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TitleEconomic analysis and perception of integrated wildlife / livestock farming as an alternative land use option in rural areas of Mopani District in Limpopo Province, South Africa
AuthorCholo, Machuene Sharlyn
SubjectLand use
SubjectIntegrated livestock
SubjectWildlife farming
SubjectLand use, Rural -- South Africa
SubjectLand reform beneficiaries -- South Africa
SubjectLivestock productivity -- South Africa.
Formatix, 69 leaves
AbstractThesis ( M. Sc.((Agricultural Economics)) -- University of Limpopo, 2017.
AbstractWildlife farming has become an important land use alternative, especially in most developing countries where there is an abundance of wildlife resources. In South Africa, integrated wildlife/livestock was mostly practiced by commercial farmers on a privately owned land but in recent years, potential for income generation in the industry has grown. Smallholder farmers are increasingly being assisted to explore practicing integrated wildlife/livestock on communal land after receiving land through restitution programme. The aim of the study was to examine costs and benefits associated with integrating livestock with wildlife in a smallholder agricultural context. Structured questionnaires were used to collect data from 71 respondents situated in Ba-Phalaborwa Municipality selected using multistage random sampling technique. Cost-benefit approach and weighted decision matrix were used for economic analysis and also to identify potential trade-offs. Furthermore, the study used descriptive statistical analysis to identify opportunities and challenges faced by farmers. Some of the livestock costs identified include feeds, vaccines and labour costs. Benefits of wildlife include income from trophy hunting and selling meat from wild animals. Cost-Benefit Ratio (CBR) as a tool of cost benefit analysis techniques, was used in order get 0.67 in livestock farming, this shows that the project may not be sustainable whereas that of wildlife farming was 1.13 which indicate that the project will yield positive outcome for community involved. There are trade-offs that farmers will have to consider when shifting towards integrated wildlife/livestock such as reduced livestock benefits and increased wildlife benefits. Livestock diseases, stock theft and others are the identified challenges associated with integrated wildlife/livestock. Descriptive results indicated that 40% of livestock farmers mentioned that they are strongly affected by stock theft and disease transmission. The identified opportunities of integrated wildlife/livestock were business and job creation for rural households. Given the findings, the study therefore, recommends that government and private sector should assist farmers with training in wildlife farming so that they can be competitive in commercial wildlife farming. Funds should be made available for setting up infrastructure suited for wildlife land uses.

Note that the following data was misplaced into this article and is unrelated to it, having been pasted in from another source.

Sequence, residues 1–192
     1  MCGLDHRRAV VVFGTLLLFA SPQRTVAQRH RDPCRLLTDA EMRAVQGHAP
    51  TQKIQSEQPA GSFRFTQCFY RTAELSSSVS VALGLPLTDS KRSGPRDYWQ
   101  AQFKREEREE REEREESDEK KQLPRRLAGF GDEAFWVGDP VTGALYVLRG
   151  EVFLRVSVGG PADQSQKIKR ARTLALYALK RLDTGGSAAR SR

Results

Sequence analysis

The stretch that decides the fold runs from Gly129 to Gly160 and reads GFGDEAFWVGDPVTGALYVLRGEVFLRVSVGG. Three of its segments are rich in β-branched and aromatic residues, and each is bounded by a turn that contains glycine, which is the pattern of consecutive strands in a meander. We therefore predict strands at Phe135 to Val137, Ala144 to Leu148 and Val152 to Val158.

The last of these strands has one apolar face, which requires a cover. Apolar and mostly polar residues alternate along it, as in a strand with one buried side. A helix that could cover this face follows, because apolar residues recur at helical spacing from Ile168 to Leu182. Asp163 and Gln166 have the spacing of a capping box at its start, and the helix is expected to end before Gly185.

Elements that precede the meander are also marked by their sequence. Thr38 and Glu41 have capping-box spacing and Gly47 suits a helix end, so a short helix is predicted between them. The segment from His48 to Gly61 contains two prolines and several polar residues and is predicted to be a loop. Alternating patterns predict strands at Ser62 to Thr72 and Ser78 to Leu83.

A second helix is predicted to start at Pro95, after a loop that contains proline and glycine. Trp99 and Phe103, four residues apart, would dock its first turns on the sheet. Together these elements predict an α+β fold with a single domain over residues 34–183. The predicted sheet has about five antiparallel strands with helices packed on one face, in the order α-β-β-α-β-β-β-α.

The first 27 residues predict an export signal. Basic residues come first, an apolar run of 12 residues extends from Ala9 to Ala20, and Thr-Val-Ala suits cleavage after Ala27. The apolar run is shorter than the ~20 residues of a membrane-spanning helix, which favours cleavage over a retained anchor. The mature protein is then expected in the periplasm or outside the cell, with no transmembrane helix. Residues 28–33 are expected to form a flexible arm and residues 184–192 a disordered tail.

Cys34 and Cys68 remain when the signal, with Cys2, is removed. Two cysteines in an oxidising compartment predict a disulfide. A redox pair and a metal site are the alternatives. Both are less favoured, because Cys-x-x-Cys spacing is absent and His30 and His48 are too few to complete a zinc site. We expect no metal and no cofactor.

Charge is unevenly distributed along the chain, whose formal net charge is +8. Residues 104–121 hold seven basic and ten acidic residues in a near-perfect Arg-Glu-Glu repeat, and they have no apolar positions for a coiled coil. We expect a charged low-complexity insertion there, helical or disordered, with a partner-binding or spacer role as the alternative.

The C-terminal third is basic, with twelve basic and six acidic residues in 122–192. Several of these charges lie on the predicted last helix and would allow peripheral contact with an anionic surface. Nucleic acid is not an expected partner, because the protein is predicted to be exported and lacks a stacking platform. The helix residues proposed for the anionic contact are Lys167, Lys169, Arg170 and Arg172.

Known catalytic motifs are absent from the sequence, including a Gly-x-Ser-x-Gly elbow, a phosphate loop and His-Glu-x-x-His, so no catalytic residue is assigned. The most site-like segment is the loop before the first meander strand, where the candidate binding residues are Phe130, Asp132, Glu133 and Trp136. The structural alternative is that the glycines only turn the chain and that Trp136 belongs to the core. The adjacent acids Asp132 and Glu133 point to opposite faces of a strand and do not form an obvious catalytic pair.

AbstractDepartment of Agriculture, Forestry and Fisheries (DAFF)